Wisent (European bison) (Bison bonasus)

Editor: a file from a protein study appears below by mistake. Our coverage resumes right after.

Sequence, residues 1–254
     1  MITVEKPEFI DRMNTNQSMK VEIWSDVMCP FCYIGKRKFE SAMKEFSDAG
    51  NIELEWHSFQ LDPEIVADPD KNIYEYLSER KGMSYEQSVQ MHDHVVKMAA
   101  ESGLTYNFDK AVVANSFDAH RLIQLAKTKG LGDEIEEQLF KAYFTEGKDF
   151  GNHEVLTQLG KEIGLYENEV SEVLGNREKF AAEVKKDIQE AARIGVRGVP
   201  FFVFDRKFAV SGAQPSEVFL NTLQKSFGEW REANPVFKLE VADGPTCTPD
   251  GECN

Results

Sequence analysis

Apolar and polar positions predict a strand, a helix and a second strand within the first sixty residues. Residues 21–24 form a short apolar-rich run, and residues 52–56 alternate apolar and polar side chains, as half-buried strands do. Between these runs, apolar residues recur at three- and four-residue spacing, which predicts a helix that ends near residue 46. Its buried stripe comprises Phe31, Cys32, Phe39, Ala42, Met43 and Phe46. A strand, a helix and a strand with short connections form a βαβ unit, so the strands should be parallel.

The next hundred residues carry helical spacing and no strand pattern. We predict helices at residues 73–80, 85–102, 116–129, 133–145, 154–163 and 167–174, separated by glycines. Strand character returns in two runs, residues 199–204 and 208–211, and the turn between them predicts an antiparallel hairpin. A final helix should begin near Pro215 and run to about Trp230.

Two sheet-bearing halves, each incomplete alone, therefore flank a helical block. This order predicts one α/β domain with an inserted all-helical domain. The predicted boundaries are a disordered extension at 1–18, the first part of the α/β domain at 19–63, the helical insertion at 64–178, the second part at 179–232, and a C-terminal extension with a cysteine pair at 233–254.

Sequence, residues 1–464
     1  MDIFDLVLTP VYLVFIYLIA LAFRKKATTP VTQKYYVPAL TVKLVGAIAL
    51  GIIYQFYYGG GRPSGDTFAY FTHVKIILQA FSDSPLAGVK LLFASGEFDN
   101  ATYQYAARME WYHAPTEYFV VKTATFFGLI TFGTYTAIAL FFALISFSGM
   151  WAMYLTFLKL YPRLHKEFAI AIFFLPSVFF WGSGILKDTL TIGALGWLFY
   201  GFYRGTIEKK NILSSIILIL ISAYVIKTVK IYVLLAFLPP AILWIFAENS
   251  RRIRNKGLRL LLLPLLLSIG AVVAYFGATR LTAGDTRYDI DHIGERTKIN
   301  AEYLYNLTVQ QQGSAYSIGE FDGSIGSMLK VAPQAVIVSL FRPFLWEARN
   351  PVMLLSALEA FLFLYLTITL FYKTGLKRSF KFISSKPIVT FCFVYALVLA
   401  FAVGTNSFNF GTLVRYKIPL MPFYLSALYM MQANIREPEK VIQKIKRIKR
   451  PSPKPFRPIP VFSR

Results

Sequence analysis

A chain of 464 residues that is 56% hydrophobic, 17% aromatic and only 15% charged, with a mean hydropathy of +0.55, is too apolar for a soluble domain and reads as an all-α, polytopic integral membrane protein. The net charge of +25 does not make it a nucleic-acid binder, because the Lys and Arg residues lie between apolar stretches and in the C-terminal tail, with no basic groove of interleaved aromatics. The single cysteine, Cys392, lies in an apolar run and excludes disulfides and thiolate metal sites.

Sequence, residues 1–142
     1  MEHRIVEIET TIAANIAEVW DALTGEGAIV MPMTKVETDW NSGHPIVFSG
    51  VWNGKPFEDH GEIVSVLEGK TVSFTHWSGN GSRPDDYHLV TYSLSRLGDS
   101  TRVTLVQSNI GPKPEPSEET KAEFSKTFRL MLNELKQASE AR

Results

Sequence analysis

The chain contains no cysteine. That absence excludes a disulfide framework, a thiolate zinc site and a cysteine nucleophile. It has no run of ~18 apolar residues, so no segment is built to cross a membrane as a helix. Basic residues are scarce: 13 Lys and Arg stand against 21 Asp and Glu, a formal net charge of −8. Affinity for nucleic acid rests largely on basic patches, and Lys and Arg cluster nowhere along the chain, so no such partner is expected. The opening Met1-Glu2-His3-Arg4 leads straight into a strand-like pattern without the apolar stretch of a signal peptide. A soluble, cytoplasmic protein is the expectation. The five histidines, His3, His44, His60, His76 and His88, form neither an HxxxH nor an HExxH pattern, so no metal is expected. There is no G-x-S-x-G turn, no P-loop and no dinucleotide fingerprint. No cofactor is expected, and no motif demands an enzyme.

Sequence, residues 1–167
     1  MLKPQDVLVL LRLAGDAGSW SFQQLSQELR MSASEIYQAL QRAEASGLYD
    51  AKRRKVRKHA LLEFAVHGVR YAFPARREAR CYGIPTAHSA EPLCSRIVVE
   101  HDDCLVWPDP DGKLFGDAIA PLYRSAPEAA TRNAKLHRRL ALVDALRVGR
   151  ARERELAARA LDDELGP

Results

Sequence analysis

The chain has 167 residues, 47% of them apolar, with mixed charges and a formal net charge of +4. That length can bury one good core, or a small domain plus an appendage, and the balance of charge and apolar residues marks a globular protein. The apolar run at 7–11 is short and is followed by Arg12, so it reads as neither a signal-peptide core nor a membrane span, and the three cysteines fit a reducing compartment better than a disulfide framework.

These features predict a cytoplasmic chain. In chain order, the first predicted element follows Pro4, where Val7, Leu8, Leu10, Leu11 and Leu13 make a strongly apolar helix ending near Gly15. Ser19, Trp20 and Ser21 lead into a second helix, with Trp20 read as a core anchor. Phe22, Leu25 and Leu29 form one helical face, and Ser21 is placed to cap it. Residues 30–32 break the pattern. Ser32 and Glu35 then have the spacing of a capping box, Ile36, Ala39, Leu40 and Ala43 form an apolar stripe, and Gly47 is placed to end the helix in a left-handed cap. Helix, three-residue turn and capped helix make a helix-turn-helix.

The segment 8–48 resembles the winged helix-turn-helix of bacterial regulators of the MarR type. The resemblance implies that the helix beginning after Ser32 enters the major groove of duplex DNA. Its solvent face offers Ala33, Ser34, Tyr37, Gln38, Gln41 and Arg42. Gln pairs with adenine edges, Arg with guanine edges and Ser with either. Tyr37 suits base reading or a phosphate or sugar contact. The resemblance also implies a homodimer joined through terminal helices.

According to some old written sources, the European bison was widespread in the forested areas of the Balkans in the early-historical time. In the Middle Ages it was referred to as 'zombar', and after 9th century A. D. in. — as 'zabar.' The latest find of wisent in Bulgaria is dated from 11-12th century A. D. It comes from the medieval settlement near the Garvan village (Silistra Region). In S Europe, incl. on the Balkans, the European bison disappeared much earlier due to the development of agriculture in the late Neolithic and early antiquity. The last wild specimen on the planet was shot in 1927 in the South Caucasus. All modern wisents are descendants of the 50 live survivors in several zoos scattered in the World before the World War II. Both preserved specimens of the wisents in NMNHS are of great historical value because they were shot personally by the King Ferdinand I in Poland, only three years before the total species disappearance in the nature of all of Europe west of the Black Sea.
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